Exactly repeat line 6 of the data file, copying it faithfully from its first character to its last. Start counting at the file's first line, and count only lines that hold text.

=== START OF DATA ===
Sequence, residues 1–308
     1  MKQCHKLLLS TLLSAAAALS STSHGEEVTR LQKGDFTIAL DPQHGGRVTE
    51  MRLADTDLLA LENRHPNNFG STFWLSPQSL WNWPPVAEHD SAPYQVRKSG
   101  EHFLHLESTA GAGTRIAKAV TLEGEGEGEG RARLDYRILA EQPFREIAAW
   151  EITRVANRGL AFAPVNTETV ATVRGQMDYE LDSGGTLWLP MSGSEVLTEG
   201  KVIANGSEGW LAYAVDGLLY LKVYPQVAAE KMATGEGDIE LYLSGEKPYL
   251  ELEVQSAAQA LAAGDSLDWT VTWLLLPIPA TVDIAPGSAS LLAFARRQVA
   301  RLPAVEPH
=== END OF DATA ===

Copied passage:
   201  KVIANGSEGW LAYAVDGLLY LKVYPQVAAE KMATGEGDIE LYLSGEKPYL